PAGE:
Two steps forward for business and one step back

Yoyur shares or your rights?

The Chancellor insists that “Britain is open for business,” and his March 2013 Budget contained two measures that will be of interest to businesses large and small – even though you will have to wait for them to take effect. But now a measure in last year’s Budget has just started to bite.

One of the items of good news is the introduction of a unified rate of corporation tax. For the current financial year, the small profits rate is 20% and the main rate is 23%, while profits between £300,000 and £1.5 million suffer an effective marginal rate of 23.75%. Next year, the main rate will come down to 21% and the marginal rate will be 21.25%, before the single unified 20% rate applies from 1 April 2015. This is quite a drop from the top marginal rate of 32.75% that was charged just a few years ago.

The second bit of good news will particularly benefit smaller businesses. This is the new annual £2,000 employment allowance which, from April 2014, all businesses will be able to set off against their national insurance contributions (NICs) bill. At current rates, a business will be able to employ four workers on the minimum wage without any NICs cost.

The employment allowance could change the ‘salary versus dividend’ decision for owner-managed companies, which currently is heavily skewed in favour of dividends. It narrows the difference, but dividends still win out. Assuming an initial salary near the NICs threshold, in the region of £16,500 of additional profits could be withdrawn as salary, with employer NICs covered by the employment allowance.

At the moment, a basic rate taxpayer can save about £3,300 if they choose the dividend route. The difference comes down to around £2,000 if the employment allowance is taken into account, so a significant cost will still be attached to the salary option. The difference will completely vanish for those over state pension age who do not pay employee NICs.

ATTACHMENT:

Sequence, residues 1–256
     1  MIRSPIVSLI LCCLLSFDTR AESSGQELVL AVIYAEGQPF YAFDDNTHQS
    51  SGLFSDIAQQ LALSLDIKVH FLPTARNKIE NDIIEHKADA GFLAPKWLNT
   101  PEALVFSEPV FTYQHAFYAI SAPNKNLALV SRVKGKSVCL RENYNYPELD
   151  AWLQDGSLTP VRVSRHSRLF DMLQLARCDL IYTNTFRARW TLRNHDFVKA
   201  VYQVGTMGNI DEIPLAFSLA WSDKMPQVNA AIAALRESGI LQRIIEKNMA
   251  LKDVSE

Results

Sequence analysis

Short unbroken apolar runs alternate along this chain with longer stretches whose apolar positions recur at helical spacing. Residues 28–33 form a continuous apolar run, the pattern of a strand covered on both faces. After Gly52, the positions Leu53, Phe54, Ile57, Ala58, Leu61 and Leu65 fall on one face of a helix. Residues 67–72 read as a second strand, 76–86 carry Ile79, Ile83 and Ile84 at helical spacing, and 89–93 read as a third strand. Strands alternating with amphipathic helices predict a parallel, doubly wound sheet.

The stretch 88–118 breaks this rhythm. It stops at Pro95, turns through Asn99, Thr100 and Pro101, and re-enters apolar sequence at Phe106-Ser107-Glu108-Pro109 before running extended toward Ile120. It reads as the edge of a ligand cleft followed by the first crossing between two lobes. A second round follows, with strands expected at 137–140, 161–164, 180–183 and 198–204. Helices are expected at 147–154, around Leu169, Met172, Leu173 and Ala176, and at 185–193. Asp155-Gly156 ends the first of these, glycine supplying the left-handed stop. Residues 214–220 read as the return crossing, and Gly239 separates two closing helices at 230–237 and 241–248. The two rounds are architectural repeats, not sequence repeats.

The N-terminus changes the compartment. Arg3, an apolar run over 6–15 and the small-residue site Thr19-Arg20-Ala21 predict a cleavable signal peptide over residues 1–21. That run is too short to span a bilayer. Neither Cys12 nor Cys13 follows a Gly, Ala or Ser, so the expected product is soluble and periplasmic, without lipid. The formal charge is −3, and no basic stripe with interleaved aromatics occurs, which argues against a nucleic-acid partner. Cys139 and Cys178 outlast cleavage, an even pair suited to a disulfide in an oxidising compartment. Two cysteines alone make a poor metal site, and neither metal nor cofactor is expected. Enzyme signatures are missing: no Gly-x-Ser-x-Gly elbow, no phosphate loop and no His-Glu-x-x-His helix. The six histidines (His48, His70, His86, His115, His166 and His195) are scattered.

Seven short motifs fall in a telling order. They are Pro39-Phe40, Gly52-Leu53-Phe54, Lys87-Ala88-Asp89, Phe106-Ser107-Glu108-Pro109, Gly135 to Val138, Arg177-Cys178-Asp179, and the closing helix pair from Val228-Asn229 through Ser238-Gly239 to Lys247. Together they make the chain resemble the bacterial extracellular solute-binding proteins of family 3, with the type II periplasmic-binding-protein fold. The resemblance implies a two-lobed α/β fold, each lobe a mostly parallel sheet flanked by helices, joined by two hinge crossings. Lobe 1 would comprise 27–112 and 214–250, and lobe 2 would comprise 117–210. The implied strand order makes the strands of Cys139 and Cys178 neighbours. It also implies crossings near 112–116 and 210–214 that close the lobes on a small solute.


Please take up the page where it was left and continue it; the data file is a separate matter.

The decision to incorporate will depend on the level of profits, and how those profits are withdrawn after incorporation. With a profit level of £40,000, a self-employed person would have a total tax and NICs bill of a little more than £9,000. The bill would currently be just over £10,000 if the business was incorporated, with £25,000 withdrawn as salary. The £2,000 employment allowance will therefore reverse the outcome.

And then comes the bad news. Of more immediate concern for entrepreneurs is the limit that now applies to setting off loss relief and getting a tax deduction for loan interest. The limit is set at the higher of £50,000 or 25% of income. It may be possible to restrict the impact of the limit on deductible losses by disclaiming capital allowances, and it is important to understand that any restricted loss can still be carried forward and relieved against future profits. 

But the limit will have more serious implications where it restricts the deduction of loan interest, because the tax benefit of any restricted interest will be permanently lost. This might be a continuing problem, and could mean that individual borrowers will need to restructure their finances as a matter of urgency. Please contact us if you think you may be affected.